The World’s Largest Bird
You probably won’t have heard of it and with good reason, but the Vorombe titan has been declared the largest bird in the world.
At least it would be the largest if it hadn’t become extinct!
A distinct species of elephant bird, this enormous creature was native to Madagascar but disappeared some 1000 years ago and it isn’t entirely clear why the species died out. The Zoological Society of London (ZSL) have been busy studying hundreds of elephant bird bones stored at museums across the globe to settle the argument over which was the largest bird on the planet.
The varombe titan
The scientists involved in the study have found that the varombe titan was a separate species of elephant bird which was three metres tall and weighed a massive 860kg! It was a flightless bird which was widespread in Madagascar and which lived on a plant-based diet.
In 1894, the British scientist, CW Andrews, discovered a specimen which the latest research has now confirmed was a distinct species from other elephant birds. It possesses a body mass which would have rivalled several dinosaur species. However, the birds are thought to have been peaceful herbivores living mainly on a diet of fruit.
Varombe titans were so big that just one of their eggs could have provided a meal for an entire family, but the researchers haven’t found any evidence of their nests having been raided.
Evolution and the eco system
Elephant birds were a very important aspect of Madagascar’s ecosystem and its evolutionary history. The larger species on he island had a huge impact on the wider ecosystem and the control of vegetation. They also spread biomass and dispersed seeds through their waste. Scientists feel that Madagascar continues to suffer as a result of losing the giant birds.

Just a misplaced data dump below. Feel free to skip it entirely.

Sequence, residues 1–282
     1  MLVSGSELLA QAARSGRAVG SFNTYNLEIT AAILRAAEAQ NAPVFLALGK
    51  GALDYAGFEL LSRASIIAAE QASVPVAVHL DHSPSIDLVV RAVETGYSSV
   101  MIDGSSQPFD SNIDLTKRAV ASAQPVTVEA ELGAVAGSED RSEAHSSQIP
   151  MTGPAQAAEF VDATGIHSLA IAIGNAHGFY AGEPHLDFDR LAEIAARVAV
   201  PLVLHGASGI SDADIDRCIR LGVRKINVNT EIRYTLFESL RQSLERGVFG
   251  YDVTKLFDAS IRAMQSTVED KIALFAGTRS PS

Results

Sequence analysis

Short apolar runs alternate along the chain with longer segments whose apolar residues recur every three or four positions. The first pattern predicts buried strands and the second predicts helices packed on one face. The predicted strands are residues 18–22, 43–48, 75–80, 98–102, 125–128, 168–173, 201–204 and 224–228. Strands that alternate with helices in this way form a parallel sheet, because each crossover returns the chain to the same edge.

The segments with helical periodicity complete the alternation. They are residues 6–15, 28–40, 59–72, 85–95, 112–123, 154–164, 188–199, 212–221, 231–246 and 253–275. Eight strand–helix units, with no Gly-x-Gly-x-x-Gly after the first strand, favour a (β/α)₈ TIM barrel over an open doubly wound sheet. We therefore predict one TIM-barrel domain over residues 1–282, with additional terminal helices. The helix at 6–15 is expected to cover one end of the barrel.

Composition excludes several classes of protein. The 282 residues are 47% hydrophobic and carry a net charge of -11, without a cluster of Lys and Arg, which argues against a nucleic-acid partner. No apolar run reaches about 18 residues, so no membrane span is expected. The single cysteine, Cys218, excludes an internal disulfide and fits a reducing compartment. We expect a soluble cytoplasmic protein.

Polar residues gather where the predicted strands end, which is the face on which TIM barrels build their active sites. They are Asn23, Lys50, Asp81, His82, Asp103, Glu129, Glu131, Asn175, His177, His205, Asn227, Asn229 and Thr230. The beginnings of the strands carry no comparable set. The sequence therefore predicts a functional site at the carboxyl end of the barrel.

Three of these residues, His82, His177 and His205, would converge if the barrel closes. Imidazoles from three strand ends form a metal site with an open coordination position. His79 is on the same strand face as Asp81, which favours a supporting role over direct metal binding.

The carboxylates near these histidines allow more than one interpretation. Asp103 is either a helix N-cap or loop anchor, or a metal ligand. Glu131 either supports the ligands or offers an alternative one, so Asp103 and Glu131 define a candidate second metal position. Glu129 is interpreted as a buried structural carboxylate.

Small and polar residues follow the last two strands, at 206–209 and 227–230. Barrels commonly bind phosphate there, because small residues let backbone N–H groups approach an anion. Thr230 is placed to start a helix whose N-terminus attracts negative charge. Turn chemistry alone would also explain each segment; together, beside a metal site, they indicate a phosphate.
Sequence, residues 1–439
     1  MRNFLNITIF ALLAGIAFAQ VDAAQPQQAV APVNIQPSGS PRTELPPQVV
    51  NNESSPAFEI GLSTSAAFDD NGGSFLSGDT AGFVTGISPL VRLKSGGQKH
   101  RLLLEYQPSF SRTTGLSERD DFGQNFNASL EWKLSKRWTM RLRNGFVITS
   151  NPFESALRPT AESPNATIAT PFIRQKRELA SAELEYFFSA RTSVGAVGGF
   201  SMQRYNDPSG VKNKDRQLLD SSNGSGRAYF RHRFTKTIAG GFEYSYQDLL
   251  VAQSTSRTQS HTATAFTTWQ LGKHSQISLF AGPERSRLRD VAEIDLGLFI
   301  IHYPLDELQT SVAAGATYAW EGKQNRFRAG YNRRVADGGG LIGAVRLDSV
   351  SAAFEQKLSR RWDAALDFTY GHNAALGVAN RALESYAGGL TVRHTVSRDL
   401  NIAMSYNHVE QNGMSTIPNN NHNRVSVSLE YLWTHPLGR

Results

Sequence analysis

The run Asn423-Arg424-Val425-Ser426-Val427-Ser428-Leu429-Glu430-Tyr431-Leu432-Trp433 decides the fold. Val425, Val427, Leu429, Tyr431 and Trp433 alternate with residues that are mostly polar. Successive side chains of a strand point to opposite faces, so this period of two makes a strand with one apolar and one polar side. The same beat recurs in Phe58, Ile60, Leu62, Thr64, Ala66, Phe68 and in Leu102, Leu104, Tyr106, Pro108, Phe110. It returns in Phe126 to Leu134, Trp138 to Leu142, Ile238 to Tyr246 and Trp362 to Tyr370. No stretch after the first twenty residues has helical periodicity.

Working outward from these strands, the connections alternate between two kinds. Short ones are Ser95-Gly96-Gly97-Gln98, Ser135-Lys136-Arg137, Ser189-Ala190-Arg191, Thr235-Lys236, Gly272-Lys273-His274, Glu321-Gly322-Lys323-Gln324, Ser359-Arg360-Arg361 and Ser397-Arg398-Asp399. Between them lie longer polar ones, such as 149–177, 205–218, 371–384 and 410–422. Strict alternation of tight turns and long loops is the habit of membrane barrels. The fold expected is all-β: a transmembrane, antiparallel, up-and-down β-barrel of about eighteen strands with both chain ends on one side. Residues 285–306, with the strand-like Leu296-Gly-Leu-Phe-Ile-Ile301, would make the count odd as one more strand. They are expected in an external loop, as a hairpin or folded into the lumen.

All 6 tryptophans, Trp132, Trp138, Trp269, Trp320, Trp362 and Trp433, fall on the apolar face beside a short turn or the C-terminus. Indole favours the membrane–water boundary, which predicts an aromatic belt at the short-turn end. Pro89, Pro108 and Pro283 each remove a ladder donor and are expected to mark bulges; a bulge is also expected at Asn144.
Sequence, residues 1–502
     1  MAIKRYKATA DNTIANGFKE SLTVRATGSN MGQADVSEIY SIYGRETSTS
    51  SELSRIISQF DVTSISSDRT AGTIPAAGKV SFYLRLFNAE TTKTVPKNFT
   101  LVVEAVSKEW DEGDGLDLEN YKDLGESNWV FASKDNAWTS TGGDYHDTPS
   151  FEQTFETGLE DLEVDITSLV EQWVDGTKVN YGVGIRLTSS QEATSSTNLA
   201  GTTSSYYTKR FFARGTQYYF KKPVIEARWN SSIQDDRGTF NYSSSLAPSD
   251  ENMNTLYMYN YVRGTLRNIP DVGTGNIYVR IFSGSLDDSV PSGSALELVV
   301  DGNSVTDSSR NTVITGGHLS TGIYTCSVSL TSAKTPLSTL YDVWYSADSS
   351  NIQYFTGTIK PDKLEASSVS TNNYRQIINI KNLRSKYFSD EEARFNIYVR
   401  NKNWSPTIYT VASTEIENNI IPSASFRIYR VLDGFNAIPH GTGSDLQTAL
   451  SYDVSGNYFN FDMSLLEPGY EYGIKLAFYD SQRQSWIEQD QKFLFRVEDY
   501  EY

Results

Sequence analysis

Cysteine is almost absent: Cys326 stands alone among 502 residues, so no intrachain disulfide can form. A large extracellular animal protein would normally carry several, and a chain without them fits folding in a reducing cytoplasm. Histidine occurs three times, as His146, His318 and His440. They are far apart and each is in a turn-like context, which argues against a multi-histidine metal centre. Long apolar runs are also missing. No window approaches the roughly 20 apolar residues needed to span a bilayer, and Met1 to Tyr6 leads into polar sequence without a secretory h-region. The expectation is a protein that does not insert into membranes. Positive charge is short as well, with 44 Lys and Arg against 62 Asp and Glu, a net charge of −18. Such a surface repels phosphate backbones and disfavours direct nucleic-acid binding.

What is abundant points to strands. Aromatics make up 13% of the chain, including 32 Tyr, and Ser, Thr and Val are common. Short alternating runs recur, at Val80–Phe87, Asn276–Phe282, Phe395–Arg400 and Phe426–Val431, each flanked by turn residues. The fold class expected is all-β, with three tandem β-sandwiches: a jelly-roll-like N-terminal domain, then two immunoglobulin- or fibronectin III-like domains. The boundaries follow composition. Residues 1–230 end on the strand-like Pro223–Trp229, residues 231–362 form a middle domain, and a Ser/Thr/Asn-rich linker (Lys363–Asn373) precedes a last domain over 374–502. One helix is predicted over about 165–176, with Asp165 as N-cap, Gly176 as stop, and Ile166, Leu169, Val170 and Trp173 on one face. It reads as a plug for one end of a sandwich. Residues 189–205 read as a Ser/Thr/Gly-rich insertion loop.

A previous study by a team of ZSL scientists found that the ancient bones from the extinct Madagascan elephant birds featured cut marks and fractures. These were consistent with hunting and butchery by prehistoric humans.
Informing human history
Radiocarbon dating has revealed when the birds to which the bones belonged had been killed. This led to a reassessment of when people first reached the island of Madagascar. Research on lemur bones and archaeological artefacts had suggested that humans first arrived in Madagascar between 2,400 and4,000 years ago. But the evidence gathered from the elephant birds demonstrates that humans were present on the island more than 6,000 years earlier than this.
A greater understanding of extinct species enables scientists to unravel the mysteries of evolution on islands such as Madagascar and to assess what has been lost since humans arrived. This knowledge may be able to help us to prevent the loss of further species in the future.
Wouldn’t it have been fascinating to see elephant birds? Imagine encountering a bird that was 10 feet tall! The varombe titan would have dwarfed any birds which are around today and would have been a magnificent and fascinating sight. By the way, if you were wondering what varombe means, it translates as big bird!